by Clay Shaw
ATLANTA, GA, FEBRUARY 27, 2020—-At a well-attended press conference, Atlanta Mayor Keisha Lance Bottoms addressed the media saying that as she’s traveled the world, she has found there are three things Atlanta is known for by Internationals: Martin Luther King Jr, “Gone with the Wind,” and the 1996 Atlanta Olympics. She is proud that the Olympic Trials will again showcase their beautiful city, and will be celebrated around the world.
Atlanta Track Club Executive Director Rich Kenah said every big city marathon needs a solid working relationship with the city, and the Atlanta Track Club and the City of Atlanta do it the right way. He called this upcoming weekend “America’s Marathon Weekend” and said Atlanta is 100% focused on the athlete experience. He noted that shutting down “Running City USA” is no easy task and shows a significant commitment of the city of Atlanta and of their Chief Running Officer Keisha Lance Bottoms. Kenah noted the Olympic Games legacy and announced that the Olympic Cauldron will be lit at noon Saturday, for the first time since Muhammed Ali lit it in the summer of 1996.
The top athletes were asked well-thought-out questions by high school journalists from Atlanta area schools. Sara Hall of Flagstaff, AZ who had a 2:22:16 OQ in Berlin in 2019, didn’t want to give any new training secrets, but did say she had been doing extra work in the gym. Emily Sisson of Providence, RI qualified with a 2:23:08 in London 2019, her marathon debut. When asked about her training, Sisson replied that she had been running up to 120 miles per week, doing her winter training in Arizona. Kellyn Taylor set her 2:24:29 qualifier and personal best (PB) in a win at Grandma’s Marathon in 2018. She has been training hard; raising children, both biological and foster, along with her husband Kyle. She has completed her certification as a firefighter, which is on hold as she pursues her Olympic goal. Des Linden of Charlevoix, MI ran a 2:26:46 in New York City in 2019 as her qualifier. Linden owns a PB of 2:22:38 set in Boston in 2011. If Linden finishes on the podium on Saturday, she will be the first female, three-time Olympic marathoner.
On the men’s side, Leonard Korir of Colorado Springs owns the fastest OQ of 2:07:56 set in Amsterdam in 2019. Sgt. Korir says the keys to success come with staying healthy and going to “work” every day. Scott Fauble of Flagstaff, AZ with a 2:09:09 OQ and PB at Boston 2019, refrains from over confidence and said it’s a humbling experience to train with such high-performing teammates (such as Taylor, Bruce, and Tuliamuk). He says surrounding yourself with really good runners prepares you for running against this event’s really good field. Fauble said he knows the race will be really hard, and “he’s at peace with that.” He says he is strong on hills, and his cross-country experience will help. Jared Ward of Mapleton, Utah had a 2:09:25 OQ and PB at Boston 2019. When asked about his most memorable race he mentioned a high school track event, and then said, “The World Half Marathon Championships in Cardiff, Wales in 2016, not because I ran well there, but because my wife (Erica) went along and it was a great, memorable time.” Ward was asked about being nervous and he quoted that “fear and anxiety are about the future, so just concentrate on the present.”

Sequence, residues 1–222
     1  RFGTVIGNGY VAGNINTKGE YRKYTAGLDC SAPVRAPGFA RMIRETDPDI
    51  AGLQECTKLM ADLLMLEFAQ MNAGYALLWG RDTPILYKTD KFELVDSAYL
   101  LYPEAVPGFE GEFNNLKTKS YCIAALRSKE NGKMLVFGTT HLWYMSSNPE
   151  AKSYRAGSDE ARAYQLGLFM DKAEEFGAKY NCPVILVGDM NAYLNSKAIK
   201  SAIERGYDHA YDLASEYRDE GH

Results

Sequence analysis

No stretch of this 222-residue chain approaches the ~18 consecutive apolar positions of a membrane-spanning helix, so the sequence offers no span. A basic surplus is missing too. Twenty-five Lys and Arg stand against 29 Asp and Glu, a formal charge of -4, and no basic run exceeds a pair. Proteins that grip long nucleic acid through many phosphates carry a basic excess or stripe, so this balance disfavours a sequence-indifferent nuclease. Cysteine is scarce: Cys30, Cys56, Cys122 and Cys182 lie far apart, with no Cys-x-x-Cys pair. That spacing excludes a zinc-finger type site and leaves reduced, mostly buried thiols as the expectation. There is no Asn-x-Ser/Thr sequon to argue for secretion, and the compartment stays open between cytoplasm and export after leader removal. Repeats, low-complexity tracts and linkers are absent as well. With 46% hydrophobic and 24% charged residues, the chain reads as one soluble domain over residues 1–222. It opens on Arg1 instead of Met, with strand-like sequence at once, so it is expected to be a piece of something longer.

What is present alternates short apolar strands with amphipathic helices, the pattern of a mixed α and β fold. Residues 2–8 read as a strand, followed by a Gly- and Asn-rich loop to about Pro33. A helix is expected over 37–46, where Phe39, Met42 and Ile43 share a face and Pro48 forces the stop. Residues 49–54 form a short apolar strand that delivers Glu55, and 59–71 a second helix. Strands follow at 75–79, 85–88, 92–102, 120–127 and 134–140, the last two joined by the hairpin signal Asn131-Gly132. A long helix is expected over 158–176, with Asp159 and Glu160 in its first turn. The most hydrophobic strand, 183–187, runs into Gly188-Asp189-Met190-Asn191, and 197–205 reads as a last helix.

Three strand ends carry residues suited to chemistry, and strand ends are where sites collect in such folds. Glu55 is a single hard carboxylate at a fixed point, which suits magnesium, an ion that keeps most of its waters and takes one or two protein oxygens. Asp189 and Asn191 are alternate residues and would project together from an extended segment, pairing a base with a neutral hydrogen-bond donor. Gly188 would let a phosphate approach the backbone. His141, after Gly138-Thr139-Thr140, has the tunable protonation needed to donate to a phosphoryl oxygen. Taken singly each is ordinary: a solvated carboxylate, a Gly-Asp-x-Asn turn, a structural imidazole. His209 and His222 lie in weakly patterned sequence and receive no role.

Jacob Riley of Boulder, CO had a 2:10:36 PB in Chicago 2019, after missing nearly three years due to numerous injuries. His advice to the high school students was perseverance, having a good support system despite setbacks, and never giving up. Bernard Lagat, 45, of Tucson, AZ had a 2:12:10 OQ and PB at the Gold Coast Marathon in Australia in only his second marathon. A five-time Olympian (2000 and 2004 for Kenya and 2008 and 2016 for USA). Lagat thinks his track experience and his newness at the marathon may pay off for a sixth Olympic team.
We will find out what happens this Saturday, February 29. You can watch the coverage from noon to 3 pm on NBC.
(All photos by Clay Shaw and Karen Mitchell)
Categories: Race Coverage